My son and I always seek out volunteer opportunities when we travel. We’ve learned so much about our own humanity by giving. We’ve participated in 1 day volunteering all the way to a 2 month commitment. We’ve volunteered with at animals reserves, schools, hospitals and libraries. The opportunities are there, and the benefits are so rewarding for both you and your child.
I know it’s against everything your mother taught you, but in the case of traveling it’s a good rule. If you are guest in a foreign country, ask questions and engage the locals around you and make friends! You will find the majority of the time the locals are just as interested in you as you are in them. Two rules to live by, be curious and always offer back a huge smile of gratitude. (Rita Gelman Golden actually talks about that in this podcast interview)
8. Luxury vs. Local
Seriously, kids don’t require luxury. (If they do, that’s because of something they learned from you, so now here’s your chance to correct that. )
When you are in a foreign country, we have found the most rewarding experiences have been living as locals do. Or in our experience, living with locals. Opt for a week with a ’host family’ instead of a hotel room. The best way to find a local family is to research the language schools in the area you are traveling to before hand, write them and ask them for a referral. Guaranteed, all language schools have a list of referral families for you to pursue. Most host families provide family meals and a private bedroom! If you are traveling with children, always try to arrange to stay with a family that have similar age children.
If you are even more adventurous, try Couch Surfing. There you will create a free profile page for you and your family and then start searching couches to surf. There are a lot of families participating in the ‘couch surfing project’ and you may be pleasantly surprised with the wonderful hospitality you are offered. Most of the time, you will be shown the city and share meals. Unlike staying with a host family arranged by a language school which you will have to pay for the room and board, with couch surfing there is no exchange of money or compensation. It is like visiting a friend in another city, state or country, so be prepared to show your gratitude to your host by bringing either a gift or treating your host to a home cooked meal.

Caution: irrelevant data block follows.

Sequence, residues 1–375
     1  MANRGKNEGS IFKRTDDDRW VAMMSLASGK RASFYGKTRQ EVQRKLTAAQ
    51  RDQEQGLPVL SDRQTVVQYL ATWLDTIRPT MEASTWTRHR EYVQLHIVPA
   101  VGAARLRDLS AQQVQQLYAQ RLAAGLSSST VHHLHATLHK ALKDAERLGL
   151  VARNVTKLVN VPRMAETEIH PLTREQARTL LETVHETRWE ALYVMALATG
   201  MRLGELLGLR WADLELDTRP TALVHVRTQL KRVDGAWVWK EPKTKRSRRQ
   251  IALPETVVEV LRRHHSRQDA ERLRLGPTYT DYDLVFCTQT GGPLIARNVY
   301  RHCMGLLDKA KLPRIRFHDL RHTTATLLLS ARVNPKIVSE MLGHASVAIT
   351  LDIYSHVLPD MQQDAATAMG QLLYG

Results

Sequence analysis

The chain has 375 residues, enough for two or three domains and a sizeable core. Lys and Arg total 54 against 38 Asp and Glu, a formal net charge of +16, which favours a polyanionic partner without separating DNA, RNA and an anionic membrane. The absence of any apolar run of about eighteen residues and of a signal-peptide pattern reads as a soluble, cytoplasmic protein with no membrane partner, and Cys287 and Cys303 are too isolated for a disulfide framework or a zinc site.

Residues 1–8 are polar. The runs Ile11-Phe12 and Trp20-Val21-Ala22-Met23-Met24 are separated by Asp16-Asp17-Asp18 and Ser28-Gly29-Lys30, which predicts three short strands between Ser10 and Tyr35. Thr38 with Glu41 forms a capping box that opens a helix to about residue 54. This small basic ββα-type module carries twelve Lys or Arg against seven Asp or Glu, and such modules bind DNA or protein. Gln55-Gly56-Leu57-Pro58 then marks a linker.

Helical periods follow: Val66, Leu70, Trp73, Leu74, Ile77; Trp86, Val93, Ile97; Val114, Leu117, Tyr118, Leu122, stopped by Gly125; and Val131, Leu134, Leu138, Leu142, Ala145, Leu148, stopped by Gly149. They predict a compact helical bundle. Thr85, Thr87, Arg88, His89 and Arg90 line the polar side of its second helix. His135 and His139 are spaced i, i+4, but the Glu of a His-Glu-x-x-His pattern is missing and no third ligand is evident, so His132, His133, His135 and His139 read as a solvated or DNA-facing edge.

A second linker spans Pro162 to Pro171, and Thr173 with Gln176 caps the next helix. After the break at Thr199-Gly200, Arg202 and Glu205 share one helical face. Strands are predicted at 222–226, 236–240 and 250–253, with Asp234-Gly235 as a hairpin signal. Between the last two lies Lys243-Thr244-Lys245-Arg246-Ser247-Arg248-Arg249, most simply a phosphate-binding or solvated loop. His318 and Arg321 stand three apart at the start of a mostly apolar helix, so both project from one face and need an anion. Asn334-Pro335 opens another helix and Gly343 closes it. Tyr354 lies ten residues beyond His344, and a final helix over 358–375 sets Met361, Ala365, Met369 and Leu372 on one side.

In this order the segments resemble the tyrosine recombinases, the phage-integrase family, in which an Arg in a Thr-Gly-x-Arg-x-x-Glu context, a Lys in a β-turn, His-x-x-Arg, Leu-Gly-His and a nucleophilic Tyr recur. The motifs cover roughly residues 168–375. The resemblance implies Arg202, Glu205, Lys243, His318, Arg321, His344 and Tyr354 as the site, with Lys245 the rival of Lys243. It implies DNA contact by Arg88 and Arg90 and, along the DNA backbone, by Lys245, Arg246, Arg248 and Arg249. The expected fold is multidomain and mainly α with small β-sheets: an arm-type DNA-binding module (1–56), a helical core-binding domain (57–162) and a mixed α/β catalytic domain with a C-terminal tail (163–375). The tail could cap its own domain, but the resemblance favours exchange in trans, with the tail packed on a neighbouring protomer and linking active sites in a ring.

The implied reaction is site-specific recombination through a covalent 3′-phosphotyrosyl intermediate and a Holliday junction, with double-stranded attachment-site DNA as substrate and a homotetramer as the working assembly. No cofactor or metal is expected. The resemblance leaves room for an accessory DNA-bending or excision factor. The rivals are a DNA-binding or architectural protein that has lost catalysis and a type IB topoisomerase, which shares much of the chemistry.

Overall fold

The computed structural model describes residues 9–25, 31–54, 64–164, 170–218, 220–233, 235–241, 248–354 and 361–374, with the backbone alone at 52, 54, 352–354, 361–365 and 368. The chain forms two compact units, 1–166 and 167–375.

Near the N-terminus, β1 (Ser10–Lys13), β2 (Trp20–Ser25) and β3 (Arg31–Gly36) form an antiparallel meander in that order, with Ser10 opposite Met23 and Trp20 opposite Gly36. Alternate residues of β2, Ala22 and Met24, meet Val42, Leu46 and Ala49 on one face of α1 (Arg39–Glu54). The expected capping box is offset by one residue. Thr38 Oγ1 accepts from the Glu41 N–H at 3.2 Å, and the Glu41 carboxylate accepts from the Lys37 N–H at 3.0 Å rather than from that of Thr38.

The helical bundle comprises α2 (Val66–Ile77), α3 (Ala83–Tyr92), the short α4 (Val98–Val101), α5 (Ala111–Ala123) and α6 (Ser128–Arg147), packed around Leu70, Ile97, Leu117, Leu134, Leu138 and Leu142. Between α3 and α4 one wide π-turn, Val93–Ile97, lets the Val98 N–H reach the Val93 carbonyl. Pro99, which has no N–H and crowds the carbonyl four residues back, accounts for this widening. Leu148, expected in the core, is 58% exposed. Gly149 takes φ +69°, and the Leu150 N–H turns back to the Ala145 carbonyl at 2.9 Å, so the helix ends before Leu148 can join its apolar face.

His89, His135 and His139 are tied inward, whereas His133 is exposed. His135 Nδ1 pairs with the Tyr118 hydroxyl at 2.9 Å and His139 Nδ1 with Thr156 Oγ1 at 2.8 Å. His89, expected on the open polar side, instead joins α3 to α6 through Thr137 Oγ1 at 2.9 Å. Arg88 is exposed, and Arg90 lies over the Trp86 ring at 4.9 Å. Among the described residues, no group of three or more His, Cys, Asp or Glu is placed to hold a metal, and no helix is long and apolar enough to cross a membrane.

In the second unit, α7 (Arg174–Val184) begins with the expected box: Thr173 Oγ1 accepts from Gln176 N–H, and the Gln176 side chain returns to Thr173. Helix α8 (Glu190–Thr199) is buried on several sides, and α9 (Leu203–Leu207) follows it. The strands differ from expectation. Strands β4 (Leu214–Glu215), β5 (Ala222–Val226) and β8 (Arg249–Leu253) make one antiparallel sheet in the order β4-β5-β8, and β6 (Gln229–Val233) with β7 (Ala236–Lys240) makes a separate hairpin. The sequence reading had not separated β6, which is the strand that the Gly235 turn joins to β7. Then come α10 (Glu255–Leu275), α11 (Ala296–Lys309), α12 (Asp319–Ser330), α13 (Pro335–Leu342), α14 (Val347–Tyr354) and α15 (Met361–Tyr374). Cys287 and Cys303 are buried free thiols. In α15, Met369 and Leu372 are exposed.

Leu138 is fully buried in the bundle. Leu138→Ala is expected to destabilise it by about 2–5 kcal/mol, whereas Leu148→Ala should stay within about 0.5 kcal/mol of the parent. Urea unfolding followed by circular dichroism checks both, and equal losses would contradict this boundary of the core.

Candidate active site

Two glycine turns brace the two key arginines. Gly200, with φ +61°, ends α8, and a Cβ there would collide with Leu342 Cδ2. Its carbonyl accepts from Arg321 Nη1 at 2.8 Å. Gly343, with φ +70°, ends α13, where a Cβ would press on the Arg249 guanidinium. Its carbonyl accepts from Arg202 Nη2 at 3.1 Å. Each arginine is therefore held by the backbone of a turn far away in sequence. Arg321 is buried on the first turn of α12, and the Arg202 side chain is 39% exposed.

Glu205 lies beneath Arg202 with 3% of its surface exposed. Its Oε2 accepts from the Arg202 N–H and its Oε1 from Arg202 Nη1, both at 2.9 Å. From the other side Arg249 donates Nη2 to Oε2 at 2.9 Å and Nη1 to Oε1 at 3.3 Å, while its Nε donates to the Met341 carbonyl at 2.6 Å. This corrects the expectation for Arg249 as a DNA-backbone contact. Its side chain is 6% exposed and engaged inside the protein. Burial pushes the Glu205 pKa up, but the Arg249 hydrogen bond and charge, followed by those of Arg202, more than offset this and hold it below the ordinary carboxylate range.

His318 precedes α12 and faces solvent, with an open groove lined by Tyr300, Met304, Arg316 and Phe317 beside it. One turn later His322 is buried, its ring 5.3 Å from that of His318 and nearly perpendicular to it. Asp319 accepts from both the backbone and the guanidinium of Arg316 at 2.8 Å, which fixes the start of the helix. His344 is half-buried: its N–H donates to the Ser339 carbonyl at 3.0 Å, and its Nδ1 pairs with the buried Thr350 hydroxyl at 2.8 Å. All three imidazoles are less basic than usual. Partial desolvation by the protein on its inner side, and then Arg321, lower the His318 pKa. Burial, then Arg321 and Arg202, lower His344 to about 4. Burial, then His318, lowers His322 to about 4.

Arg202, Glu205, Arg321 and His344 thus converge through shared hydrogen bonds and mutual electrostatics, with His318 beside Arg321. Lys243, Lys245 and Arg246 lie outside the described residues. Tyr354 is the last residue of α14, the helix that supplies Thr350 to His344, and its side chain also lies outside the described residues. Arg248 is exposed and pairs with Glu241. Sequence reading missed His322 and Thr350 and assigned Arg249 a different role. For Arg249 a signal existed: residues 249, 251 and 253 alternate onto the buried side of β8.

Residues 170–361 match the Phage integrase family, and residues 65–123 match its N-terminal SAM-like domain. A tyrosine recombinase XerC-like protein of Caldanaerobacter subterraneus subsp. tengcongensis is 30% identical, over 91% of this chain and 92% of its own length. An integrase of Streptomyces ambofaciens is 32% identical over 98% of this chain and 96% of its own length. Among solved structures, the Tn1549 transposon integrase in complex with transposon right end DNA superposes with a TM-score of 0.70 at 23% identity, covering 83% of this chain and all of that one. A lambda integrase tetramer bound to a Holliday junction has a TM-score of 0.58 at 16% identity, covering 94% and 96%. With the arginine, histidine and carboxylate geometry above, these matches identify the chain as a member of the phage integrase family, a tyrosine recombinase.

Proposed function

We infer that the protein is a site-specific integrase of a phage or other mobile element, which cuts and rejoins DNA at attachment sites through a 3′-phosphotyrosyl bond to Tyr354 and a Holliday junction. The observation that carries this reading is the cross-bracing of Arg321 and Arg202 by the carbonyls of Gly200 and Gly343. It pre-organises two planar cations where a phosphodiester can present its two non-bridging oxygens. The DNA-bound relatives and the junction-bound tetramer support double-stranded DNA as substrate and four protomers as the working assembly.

As in travel as in life, hands down our best memories are always surrounding laughter. Sometimes they are silly things we experience on the road, like the time we sat down on a bench in parque central in Antigua, and just like a scene in a movie, a dog jumped up and grabbed my popsicle and ran away. Or the time we were waiting for a bus to take us to Boquette Panama and we made up our own song based on the sounds of traffic surrounding us.Or the time in Nicaragua, I ordered a plate of fish with ‘eyes’ (ojo) instead of fish with ‘garlic’ (ajo) in my poor Spanish. Whatever the situation, our best memories are always those surrounding laughter.
Kids take their lead from us. Our children will mirror our perceptions and expectations and within the context of travel there experiences will reflect those of our own. If we are content with whatever the adventure has to offer us, our children will be too. If we relax enough to laugh together, not only will you have an enjoyable time together, but the memories will be that much more magical.